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« Reply #9 on: August 28, 2012, 06:48:16 PM »

Current needs List:

39mm Clip ons with about a 30 to 40 degree down turn.

Steering Stabilizer

Sportster chain conversion parts and various front and rear sprockets.

Teather stop switch


Any recomendations on what type of any of the aboeve items we should be looking for (quality wise) and what to steer away from , would be appriciated.

If you have any of these items in good condition laying around the garage and want to help us out with our first LSR build, Let me know what you got and how much you want for it. We are on a tight udget but know that this stuff isnt free. 

Paul 

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Seldom Seen Slim
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« Reply #10 on: August 28, 2012, 07:38:03 PM »

Pingle has a good tether switch -- because it works by a clip holding the plunger out 'til the cord is pulled.  No worry with safety -- it won't break instead of killing the circuit.

BUT - the Pingle on one of bikes is only 3-4 years old and exhibits symptoms of corroded contacts.  Frequently I'll get no ignition or any other starting electricity 'til I've pulled and let snap close the Pingle a handful of times.  It's a sealed unit -- no repair, I guess, other than to replace.  But other than that -- I like 'em.
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Jon E. Wennerberg
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Paulzbike
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« Reply #11 on: September 16, 2012, 07:01:40 PM »

Virgin Build Cont........

The 883 Sporty is stripped down to the frame, motor and wheels.

I would like to extend the stock swing arm. Does anyone have any tips on the proper way to do this? Is there a formula to help to decide on how long to extend it?

Thanks for the info.

This site is great.

Paul
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55chevr
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« Reply #12 on: September 16, 2012, 09:01:55 PM »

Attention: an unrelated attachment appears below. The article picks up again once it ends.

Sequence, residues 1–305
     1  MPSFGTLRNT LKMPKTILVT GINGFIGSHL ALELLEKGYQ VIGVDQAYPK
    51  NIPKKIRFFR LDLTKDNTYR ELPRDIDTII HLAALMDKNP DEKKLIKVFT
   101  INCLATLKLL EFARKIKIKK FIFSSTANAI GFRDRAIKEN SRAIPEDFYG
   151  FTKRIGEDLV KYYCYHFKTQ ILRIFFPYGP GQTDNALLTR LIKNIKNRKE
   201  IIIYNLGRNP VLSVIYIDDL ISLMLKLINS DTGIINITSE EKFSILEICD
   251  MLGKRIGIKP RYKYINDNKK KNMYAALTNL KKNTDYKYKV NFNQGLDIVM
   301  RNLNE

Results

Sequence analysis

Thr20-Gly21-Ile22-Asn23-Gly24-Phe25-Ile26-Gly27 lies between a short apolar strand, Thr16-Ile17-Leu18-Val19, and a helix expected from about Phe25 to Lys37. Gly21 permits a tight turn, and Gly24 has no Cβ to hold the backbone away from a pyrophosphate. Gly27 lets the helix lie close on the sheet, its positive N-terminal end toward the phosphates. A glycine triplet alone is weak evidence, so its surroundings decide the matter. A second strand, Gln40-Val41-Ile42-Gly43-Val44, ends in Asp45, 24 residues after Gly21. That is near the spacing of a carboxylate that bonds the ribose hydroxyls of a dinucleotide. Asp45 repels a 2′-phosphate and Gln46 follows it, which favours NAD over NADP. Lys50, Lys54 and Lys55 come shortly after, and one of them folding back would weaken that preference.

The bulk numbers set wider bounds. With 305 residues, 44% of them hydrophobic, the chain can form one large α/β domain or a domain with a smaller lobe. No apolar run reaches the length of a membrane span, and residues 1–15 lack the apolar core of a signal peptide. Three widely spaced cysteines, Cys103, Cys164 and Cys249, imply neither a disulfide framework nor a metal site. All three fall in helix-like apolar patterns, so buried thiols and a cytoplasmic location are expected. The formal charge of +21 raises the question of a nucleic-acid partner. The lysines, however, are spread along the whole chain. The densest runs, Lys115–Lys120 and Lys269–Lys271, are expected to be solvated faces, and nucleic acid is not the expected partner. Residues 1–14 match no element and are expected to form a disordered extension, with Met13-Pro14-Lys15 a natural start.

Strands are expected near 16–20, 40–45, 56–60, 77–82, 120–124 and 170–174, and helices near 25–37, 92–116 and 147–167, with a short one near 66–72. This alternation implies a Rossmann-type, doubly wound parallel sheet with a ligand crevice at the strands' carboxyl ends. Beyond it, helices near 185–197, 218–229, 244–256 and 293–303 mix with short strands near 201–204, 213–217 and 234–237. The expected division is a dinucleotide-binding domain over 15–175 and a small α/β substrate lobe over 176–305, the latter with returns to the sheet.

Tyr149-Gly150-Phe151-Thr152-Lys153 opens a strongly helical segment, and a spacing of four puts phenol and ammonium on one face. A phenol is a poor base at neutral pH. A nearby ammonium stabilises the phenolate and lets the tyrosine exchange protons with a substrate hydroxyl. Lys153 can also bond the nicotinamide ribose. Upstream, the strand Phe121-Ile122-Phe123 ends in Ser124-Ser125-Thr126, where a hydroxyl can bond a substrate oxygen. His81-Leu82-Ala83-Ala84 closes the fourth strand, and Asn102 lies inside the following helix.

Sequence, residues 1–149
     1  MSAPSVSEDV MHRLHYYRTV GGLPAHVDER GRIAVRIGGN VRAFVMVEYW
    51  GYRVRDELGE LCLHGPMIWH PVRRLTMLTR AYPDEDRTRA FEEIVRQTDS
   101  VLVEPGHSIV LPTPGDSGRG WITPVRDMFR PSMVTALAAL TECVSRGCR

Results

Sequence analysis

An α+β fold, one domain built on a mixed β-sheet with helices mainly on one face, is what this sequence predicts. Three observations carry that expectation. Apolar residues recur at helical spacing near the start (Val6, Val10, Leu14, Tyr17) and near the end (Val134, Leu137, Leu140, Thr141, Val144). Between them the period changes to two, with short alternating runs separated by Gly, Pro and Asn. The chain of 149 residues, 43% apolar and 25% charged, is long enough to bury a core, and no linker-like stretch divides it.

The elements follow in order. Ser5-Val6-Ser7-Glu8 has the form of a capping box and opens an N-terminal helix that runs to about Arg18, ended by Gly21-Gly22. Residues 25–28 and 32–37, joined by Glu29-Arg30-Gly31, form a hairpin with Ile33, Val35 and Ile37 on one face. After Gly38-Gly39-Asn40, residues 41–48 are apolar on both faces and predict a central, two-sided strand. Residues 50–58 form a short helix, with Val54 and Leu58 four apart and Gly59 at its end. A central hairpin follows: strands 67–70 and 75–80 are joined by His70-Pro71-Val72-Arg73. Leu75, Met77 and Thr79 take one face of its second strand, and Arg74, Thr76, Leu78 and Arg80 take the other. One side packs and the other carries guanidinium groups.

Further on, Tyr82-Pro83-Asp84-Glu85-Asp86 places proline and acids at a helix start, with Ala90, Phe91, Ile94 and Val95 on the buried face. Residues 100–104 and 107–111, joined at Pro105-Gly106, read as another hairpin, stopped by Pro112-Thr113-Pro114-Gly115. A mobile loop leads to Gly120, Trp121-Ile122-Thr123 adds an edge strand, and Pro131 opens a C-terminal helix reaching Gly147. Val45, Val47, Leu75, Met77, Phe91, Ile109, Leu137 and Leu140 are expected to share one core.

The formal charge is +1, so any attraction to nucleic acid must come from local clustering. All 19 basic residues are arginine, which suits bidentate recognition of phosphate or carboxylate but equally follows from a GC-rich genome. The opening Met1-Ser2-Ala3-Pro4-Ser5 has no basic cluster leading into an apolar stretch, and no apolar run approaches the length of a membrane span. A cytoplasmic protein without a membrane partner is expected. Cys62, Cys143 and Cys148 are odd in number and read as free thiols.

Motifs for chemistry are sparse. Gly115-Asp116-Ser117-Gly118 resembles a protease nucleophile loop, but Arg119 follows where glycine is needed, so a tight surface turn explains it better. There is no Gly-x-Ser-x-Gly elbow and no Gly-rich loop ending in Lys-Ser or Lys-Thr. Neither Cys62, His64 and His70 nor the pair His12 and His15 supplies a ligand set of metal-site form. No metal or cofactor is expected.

Easiest way is to get a swing arm off ebay graft the two together ... this link will show you how.

http://xlforum.net/vbportal/forums/showthread.php?t=1255461&page=2


Joe
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55chevr
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« Reply #13 on: September 16, 2012, 09:12:00 PM »

Try this one ... has better pictures

http://xlforum.net/vbportal/forums/showthread.php?t=1271784


Joe
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JimL
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« Reply #14 on: September 16, 2012, 11:28:55 PM »

I've had good luck with watercraft (jet-ski type) kill switch.  They are made to survive in saltwater.  It is a grounding kill type, which I use by fitting my harness with a master fuse, near the battery, and then tapping the kill switch wire in, right after the fuse.  The other wire from the kill switch goes to ground.  When the tether is pulled, it shorts the main fuse to ground, killing the engine AND makes the starter solenoid inoperative.

Have spare fuses in your pocket at the line, just in case (done that twice...accidental kill, once by me, once by help).  The advantage of this system is, if the bike goes down, rider falls off....someone trying to help pick up the downed bike cannot get the starter cranking accidentally.

Also prevents accidental starter engagement of a crashed bike should wires or components get crushed or shorted.  Easy to diagnose, also.

JimL